“Hi. This is Gary Stork, Executive Director of
As residents of Carlsbad-by-the-Sea (CBTS), we’ve all heard the familiar message on Gary’s answering machine. What do we appreciate about him in his role here at CBTS: His genial nature? Willingness to talk over concerns? Evenhandedness with residents and staff? Sense of humor? Haircut and mustache?
Each resident could easily add to this list of characteristics and traits. The more curious among us felt it was time (high time!) to learn more about the off-the-job side of his life.
Gary Robert Stork was very young when he joined his parents on November 3, 1946 at the family home in Long Beach, CA. He eventually gained two sisters. Later the beach and surfing became irresistible pleasures that extended through high school and college where he chose a communications major. One fortunate day during his Cal State Fullerton years, he met his wife-to-be, DeAnna, at a Methodist church in Orange. They’ve been married 36 years and have one son, 24-year-old Micah, who is a 2001 graduate of San Diego State as a history major. DeAnna, a home economics major, enjoys substitute teaching in Anaheim.
Gary’s parents moved the family from Long Beach to Orange in 1964, and he has lived there ever since, finally moving to a large enough property in Orange Park Acres to accommodate the two horses, fourteen chickens, seven turtles, two dogs and a cat named Maggie. (The family of turtles grew by three when former resident, the late Jeanette Henderson, needed a good home for her pets. They hibernate from November to March in his garage, each in their own carton).
Back while Micah was growing up, Gary and DeAnna headed a 4-H pygmy goat project for seven years. These small animals (24” high) make wonderful pets and several were part of the Stork menagerie. (Micah even won a gold medal for his prize pygmy and served as club president when he was thirteen.)
Without doubt, Gary’s favorite pets are the horses. A year ago he added seven-yr-old Dually (Dooley) to the stable, a black paint with a stocky bull-dog type build that’s superb for trail rides. This brings up Gary’s second favorite thing: extensive trail rides in outlying areas with a group of 125 like-minded men. As president of the group this year he’s been responsible for planning and participating in the six-day October ride near Julian. To call the outing “camping” misses the reality by a mile: daily happy hour, camp cooks and comfortable accommodations are all part of an exciting experience, one that son Micah enjoys too.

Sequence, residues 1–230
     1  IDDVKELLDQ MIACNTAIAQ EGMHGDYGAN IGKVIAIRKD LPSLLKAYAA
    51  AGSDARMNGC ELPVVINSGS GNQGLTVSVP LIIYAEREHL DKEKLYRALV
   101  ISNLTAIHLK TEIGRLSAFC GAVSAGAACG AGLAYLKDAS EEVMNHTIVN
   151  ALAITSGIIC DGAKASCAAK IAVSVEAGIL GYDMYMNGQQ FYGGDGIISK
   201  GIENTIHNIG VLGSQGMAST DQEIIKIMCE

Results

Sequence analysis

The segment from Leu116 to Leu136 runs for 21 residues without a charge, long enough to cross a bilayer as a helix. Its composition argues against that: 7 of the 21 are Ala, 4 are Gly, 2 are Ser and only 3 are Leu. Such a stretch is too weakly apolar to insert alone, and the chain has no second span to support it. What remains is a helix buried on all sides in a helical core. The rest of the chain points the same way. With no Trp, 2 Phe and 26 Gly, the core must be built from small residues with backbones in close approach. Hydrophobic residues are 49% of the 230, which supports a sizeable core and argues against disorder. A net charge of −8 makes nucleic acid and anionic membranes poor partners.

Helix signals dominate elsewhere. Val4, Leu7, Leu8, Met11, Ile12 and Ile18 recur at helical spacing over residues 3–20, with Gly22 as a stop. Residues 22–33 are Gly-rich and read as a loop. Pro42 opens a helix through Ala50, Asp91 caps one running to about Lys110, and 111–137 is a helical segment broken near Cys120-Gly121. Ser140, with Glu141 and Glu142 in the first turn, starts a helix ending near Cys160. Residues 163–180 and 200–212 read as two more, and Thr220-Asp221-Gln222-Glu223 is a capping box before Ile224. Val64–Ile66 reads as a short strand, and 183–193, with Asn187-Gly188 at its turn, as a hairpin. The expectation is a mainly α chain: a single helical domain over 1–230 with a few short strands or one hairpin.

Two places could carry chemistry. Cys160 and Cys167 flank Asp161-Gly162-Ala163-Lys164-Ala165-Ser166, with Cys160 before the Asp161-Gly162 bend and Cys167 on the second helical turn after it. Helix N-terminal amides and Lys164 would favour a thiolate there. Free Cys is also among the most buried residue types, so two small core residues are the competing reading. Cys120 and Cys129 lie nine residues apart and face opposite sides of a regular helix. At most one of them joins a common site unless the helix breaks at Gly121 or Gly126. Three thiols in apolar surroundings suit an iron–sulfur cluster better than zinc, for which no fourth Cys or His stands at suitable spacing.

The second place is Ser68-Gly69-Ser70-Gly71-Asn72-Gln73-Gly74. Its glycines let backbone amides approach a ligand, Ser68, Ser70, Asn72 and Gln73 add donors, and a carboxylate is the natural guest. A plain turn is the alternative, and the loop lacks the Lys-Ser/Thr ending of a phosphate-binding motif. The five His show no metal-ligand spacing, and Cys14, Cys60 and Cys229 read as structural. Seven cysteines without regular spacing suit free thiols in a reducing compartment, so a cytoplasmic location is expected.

Surprisingly, Gary has had time for employment in addition to caring for all his livestock, even though it means a 5 a.m. wake-up call each morning. When asked how he achieves his dapper look for work, he said, “I just brush off the manure and head out!” Alpha Beta benefited for fourteen years from his management skills before Hughes Aircraft lured him away for eight years as Division Administrator over 1,600 engineers dealing with anti-submarine warfare. California Lutheran Homes enters the picture next, thanks to Kevin Gerber, then Vice President of Operations, who hired Gary in 1994 as Assistant Administrator at Walnut Manor, followed by two years as Administrator at Southland Lutheran Home.
Kevin chose Gary to be Executive Director of the still-under-construction CBTS. Gary’s assignment was to become familiar with the structure and build a staff to operate the facility, an immense task that often required seven-day weeks to accomplish. So why, we hasten to ask, is he leaving us to do the same thing at the Covington? Because as he says, “I needed a new challenge.” Also, his friend Kevin, who is now CEO of Episcopal Homes, asked Gary to take the new position.
In reminiscing about his six years at CBTS, Gary feels he accom- plished his vision of creating a community “with positive energy and as much laughter as possible from the staff, providing a beach-casual environment for residents and guests.” Interviews for potential employees begins with the question, “Did you have fun in your previous occupation?” Gary has “loved” each of his careers and thinks so highly of our Care Center that he recently moved his father to the third floor after four years at Walnut Manor.
His most intensive or memorable time here was when former residents began returning along with new move-ins in 1998, sometimes as many as six in one day. Lucky him! He gets to experience a repeat performance at the Covington next summer.
As we wish Gary well in his new endeavor, its also “Bon Voyage” as he and De Anna enjoy a relaxing Caribbean cruise.
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